An end to trapping in Afton?
If you like to trap live game, you might need to find somewhere else to go other than Afton.
Afton City Council discussed the possibility of outlawing trapping within city limits during a workshop on May 23.
Currently trapping for furs is allowed everywhere in Afton - including on private property.
According to the Minnesota Department of Natural Resources, unless a property is marked with "no trespassing" signs annually, anyone can go on the property and set traps, which is why Council Member Bill Palmquist said he wanted to bring the issue to City Council.
"I don't want to see everyone having to go post their land just because they learned this is a possibility," Palmquist said.
In addition to protecting Afton residents' property rights, Palmquist said he wanted to initiate the discussion over safety concerns.
Palmquist said he has heard of several instances, in northern suburbs, of pets being caught in traps.
"I think the idea that you can walk through your 20 acres woods and your dog can get stuck in a trap is shocking," he said.
Palmquist said the intent of the ordinance he presented is to protect public health, safety and animal welfare.
The ordinance that Palmquist presented to City Council states that "It shall be unlawful for a person to set or use, or attempt to set or use, a body gripping device of any kind designed or intended to take hold of, capture or kill an animal within Afton city limits."
A body gripping device is defined as any type of snare, kill-type trap or leghold trap.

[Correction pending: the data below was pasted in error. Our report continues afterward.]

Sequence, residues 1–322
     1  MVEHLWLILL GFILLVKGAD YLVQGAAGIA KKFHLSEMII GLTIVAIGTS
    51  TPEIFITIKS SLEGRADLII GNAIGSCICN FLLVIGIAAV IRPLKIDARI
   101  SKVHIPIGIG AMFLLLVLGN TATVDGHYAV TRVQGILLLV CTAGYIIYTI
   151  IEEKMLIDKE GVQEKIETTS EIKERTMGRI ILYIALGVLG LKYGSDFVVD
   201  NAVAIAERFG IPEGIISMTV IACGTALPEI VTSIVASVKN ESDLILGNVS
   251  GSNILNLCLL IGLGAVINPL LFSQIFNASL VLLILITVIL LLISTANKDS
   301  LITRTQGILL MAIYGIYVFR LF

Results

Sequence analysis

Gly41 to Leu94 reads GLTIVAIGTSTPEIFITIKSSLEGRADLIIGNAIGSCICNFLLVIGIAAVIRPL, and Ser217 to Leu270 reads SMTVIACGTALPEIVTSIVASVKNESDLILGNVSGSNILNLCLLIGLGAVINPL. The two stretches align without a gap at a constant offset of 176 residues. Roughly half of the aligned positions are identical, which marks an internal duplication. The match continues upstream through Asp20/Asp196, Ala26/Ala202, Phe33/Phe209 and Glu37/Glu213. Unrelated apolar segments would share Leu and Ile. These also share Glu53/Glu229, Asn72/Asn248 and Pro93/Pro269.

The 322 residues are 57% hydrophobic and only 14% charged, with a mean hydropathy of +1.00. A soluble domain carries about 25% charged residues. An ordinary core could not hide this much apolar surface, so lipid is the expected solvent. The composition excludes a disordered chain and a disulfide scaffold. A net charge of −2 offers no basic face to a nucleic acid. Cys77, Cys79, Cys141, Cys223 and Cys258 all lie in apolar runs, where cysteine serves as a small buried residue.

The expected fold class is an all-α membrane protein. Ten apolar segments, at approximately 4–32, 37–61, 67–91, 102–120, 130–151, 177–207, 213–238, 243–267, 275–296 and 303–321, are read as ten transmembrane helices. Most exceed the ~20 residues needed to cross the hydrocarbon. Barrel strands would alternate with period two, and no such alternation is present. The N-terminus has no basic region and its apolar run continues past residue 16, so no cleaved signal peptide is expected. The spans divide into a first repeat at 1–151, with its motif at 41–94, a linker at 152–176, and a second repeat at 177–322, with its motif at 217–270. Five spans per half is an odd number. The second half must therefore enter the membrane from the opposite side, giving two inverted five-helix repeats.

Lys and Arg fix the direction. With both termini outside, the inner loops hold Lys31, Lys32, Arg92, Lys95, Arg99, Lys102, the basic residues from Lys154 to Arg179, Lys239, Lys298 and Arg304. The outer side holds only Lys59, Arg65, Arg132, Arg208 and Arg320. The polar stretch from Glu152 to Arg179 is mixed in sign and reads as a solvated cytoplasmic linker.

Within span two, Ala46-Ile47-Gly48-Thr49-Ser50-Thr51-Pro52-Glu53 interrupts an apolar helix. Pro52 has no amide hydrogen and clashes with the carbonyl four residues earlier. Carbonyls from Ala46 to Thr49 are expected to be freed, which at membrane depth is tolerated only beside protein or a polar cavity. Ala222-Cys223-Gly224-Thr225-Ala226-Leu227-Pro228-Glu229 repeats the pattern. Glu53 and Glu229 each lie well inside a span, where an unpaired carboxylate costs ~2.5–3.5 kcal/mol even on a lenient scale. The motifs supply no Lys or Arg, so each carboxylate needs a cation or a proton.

However, the use of cage and box traps, suitcase-type live beaver traps and common rat and mouse traps would be permitted.
"It leaves all of the humane ways of dealing with your problem animals," Palmquist said.
Additionally, the ordinance would not prohibit commercial farming property owners from using selective traps - conibear traps in water, padded-jaw leghold traps and non-strangling type of foot snares -- in order to protect their livestock or crops.
Conibear traps, padded-jaw leghold traps and non-strangling foot snares would also be permitted for use by federal, state, county or municipal staff based on human health and safety or the protection of endangered species.
If anyone should be caught trapping within Afton they will be charged a fine, not to exceed $1,000, or be placed in the county prison for a period not to exceed six months, according the proposal.
Council Member Joe Richter said he didn't see the purpose of approving an ordinance outlawing trapping since there haven't been any reported problems within the city.
"This looks like an ordinance looking for a problem," he said.
Additionally, Richter questioned how someone coming from outside the city would know that trapping would be illegal.
"Ignorance to the law is not an excuse," Palmquist said.
City Council gave no direction to staff during last week's meeting.
"Let's think about it," Mayor Pat Snyder said.